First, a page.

Excel Exercises Practice Name

Excel SUMIF Function

The SUMIF function in Excel is used to sum all of the values within the user-specified range, if the value meets the user-defined criterion. The defined criterion can be evaluated against dates, numbers, and text strings.


Syntax of the SUMIF Function

The SUMIF function has two required arguments (values separated by commas) and one optional argument, and is written as follows:

=SUMIF(range, criteria, [sum_range])

  • Range (required) - The range argument is the range of cells that are to be evaluated by the criterion. Each cell within this range may contain a number, date, or text string.
  • Criteria (required) - The criteria is a number, expression, reference, text, or function to define whether the defined range is to be summed. The criteria argument is capable of parsing logical operators (>, <, <>, =) and wildcards (?, *).
  • Sum range (optional) - The sum_range is the range of cells to be summed. If the sum_range argument is omitted, the range argument will be summed instead. This argument is OPTIONAL and is only used when the range to be summed is different than the range evaluated against the specified criteria.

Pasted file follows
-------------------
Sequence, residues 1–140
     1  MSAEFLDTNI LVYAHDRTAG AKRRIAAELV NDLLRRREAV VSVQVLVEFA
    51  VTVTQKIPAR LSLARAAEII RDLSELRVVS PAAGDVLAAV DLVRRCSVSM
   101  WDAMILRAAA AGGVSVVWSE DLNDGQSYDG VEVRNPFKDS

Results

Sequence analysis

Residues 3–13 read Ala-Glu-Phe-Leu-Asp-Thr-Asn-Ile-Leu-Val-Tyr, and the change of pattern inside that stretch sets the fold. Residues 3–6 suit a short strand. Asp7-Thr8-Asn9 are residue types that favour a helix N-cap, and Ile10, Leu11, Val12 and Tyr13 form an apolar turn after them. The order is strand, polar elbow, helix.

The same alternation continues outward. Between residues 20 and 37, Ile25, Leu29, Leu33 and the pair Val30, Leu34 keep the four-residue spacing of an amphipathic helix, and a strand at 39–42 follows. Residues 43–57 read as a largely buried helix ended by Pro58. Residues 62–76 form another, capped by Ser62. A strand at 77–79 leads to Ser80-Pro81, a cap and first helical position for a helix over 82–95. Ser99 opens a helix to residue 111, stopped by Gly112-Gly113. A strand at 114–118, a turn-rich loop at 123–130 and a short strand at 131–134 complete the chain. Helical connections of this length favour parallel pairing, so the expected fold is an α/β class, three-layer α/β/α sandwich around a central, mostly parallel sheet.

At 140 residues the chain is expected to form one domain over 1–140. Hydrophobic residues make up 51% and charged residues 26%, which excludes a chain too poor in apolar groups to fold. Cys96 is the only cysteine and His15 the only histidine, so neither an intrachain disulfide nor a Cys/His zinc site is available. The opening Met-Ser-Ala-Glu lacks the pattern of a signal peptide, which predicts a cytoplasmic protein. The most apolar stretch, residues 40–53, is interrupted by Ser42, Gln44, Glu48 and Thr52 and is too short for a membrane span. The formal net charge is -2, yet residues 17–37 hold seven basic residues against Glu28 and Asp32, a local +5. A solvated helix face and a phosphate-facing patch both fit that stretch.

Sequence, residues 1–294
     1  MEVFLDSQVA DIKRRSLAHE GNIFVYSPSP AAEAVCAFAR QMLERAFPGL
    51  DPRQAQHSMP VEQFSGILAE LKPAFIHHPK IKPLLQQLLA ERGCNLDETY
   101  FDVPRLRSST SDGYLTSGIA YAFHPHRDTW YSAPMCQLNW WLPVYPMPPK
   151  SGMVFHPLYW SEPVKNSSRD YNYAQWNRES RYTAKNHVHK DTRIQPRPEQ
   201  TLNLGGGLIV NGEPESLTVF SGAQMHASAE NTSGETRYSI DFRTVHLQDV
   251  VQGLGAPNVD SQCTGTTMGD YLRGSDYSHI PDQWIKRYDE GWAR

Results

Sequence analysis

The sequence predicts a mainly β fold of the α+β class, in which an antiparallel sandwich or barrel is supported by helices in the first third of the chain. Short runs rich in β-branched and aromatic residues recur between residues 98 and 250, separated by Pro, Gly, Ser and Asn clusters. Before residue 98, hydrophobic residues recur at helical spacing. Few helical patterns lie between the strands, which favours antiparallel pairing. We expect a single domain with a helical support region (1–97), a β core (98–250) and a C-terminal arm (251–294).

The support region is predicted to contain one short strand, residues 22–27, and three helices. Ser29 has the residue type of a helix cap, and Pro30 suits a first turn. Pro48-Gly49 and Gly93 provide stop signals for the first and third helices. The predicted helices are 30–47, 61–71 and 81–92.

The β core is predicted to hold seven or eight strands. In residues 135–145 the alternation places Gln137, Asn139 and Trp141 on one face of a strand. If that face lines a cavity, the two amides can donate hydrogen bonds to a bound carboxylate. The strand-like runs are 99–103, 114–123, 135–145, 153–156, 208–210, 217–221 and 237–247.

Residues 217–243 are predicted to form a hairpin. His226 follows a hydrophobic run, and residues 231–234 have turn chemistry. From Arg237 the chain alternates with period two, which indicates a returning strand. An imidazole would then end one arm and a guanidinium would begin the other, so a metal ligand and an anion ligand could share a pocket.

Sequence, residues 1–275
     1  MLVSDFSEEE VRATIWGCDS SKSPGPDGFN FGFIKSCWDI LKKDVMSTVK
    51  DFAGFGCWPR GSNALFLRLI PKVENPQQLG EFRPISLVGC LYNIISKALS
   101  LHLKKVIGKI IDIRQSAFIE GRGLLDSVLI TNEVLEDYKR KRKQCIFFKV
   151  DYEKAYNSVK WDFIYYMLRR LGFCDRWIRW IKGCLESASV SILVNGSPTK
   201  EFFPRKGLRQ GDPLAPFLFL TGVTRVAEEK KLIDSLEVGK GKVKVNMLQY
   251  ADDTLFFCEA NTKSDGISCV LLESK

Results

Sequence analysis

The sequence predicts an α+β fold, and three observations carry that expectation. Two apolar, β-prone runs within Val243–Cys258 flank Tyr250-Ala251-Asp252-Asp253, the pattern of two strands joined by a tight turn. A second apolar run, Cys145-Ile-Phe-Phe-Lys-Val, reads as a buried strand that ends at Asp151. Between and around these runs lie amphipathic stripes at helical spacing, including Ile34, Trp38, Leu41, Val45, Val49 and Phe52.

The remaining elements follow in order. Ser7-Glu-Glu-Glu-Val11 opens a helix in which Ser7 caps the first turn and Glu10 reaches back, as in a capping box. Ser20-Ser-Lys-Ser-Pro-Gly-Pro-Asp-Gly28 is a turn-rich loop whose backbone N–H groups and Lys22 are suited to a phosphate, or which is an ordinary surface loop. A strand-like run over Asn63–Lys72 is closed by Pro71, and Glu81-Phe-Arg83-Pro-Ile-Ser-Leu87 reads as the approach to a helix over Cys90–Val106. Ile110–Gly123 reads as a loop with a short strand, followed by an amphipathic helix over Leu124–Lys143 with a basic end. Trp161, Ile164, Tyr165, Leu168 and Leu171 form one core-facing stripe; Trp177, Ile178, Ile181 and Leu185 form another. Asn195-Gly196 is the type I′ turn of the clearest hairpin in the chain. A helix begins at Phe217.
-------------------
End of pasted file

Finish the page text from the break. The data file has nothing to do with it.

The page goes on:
Note: sum_range should be the same size and shape as range. If sum_range is a larger area than range, the formula will sum a range of cells equal to the size of the range defined in the range argument.



What Does the SUMIF Function Sum in Excel?

The SUMIF function in Excel can use logical operators evaluate matches. Here’s a quick showcasing of their purposes: